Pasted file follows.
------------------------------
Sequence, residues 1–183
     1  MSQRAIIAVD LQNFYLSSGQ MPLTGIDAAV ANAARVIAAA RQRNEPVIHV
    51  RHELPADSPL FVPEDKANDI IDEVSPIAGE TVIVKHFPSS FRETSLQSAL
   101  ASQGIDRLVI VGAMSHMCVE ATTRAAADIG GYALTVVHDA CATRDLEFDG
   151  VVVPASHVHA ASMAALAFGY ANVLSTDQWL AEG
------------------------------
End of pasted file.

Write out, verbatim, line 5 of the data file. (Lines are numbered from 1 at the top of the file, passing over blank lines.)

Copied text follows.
   151  VVVPASHVHA ASMAALAFGY ANVLSTDQWL AEG